If you’re one of the millions of Americans who takes one of a class of anti-reflux meds such as Nexium, Prilosec, and Prevacid, take heed: These drugs have been linked to higher odds of kidney trouble.
The study couldn’t prove cause-and-effect — it’s possible that folks who need these heartburn medicines are simply more prone to kidney disease for other reasons. But the review of data did show a link.
The medicines in question are called proton pump inhibitors (PPIs). They reduce stomach acid production and are among the most widely prescribed medications in the world.
According to a team led by Dr. Charat Thongprayoon, of Bassett Medical Center in Cooperstown, N.Y., recent research has suggested an increased risk of kidney problems for people who take the drugs, but those findings were inconsistent.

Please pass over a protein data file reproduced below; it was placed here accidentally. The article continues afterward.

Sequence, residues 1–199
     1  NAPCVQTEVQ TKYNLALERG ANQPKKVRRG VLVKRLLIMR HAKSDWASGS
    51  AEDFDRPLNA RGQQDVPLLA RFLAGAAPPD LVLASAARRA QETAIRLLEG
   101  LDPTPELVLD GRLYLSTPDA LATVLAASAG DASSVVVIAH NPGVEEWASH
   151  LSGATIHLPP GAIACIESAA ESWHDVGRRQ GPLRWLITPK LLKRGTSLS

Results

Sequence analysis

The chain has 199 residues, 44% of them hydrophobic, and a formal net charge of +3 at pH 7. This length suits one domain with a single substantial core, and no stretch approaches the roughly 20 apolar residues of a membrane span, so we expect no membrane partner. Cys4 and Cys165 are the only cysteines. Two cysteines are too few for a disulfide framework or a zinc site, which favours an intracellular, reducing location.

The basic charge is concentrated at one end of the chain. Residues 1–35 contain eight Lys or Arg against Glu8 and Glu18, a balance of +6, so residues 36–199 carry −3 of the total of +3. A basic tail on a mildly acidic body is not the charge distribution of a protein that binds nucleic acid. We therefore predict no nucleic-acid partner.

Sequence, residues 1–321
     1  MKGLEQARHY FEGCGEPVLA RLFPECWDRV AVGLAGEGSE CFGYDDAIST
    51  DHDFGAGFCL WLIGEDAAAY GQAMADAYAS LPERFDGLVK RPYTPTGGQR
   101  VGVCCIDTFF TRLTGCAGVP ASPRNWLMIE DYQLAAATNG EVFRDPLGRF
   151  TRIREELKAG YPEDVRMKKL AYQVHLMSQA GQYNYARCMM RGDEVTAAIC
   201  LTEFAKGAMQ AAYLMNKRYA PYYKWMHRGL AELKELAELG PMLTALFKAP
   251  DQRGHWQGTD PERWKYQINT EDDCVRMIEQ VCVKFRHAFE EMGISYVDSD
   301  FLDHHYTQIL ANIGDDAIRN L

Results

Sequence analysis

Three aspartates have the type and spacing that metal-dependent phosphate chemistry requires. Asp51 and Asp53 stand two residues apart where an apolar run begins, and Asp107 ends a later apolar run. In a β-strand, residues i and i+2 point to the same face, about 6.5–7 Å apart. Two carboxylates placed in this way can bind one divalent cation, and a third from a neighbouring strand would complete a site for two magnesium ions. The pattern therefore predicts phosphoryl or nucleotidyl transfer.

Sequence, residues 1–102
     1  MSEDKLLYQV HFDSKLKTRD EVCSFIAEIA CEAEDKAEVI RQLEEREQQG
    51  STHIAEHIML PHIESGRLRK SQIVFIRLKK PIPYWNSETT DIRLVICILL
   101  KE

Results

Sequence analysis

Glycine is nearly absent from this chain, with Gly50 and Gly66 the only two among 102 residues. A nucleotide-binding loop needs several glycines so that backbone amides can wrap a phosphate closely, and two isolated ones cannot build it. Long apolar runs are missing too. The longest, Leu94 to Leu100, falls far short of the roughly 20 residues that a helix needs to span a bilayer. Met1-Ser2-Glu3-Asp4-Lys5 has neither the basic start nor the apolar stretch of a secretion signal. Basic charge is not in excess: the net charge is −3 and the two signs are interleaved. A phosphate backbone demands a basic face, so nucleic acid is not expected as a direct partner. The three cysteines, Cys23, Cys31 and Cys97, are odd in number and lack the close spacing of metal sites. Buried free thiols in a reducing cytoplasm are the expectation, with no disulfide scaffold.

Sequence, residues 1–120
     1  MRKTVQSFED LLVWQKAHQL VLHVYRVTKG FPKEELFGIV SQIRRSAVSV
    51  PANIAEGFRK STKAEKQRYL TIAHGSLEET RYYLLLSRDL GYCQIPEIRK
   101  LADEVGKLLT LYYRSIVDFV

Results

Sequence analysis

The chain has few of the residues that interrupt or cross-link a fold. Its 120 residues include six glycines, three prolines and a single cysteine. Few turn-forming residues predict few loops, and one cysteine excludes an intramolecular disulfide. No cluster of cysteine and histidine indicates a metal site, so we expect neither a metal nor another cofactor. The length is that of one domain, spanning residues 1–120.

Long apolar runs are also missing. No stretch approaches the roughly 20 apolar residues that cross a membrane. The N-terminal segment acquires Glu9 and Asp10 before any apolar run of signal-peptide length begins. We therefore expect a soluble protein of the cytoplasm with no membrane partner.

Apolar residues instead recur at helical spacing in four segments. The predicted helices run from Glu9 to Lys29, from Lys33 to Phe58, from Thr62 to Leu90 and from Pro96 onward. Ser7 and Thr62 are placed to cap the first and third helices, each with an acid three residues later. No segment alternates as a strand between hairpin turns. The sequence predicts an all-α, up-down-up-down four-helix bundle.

Probing deeper, the researchers reviewed data from five studies that included a total of nearly 537,000 people.
They found that people who took a PPI were a third more likely to develop chronic kidney disease or kidney failure than those who didn’t take the drugs.
The findings were to be presented Saturday at the annual meeting of the American Society of Nephrology (ASN), in New Orleans.
“This study demonstrates a significant association between the use of PPIs and increased risks of chronic kidney disease and kidney failure,” Thongprayoon said in an ASN news release.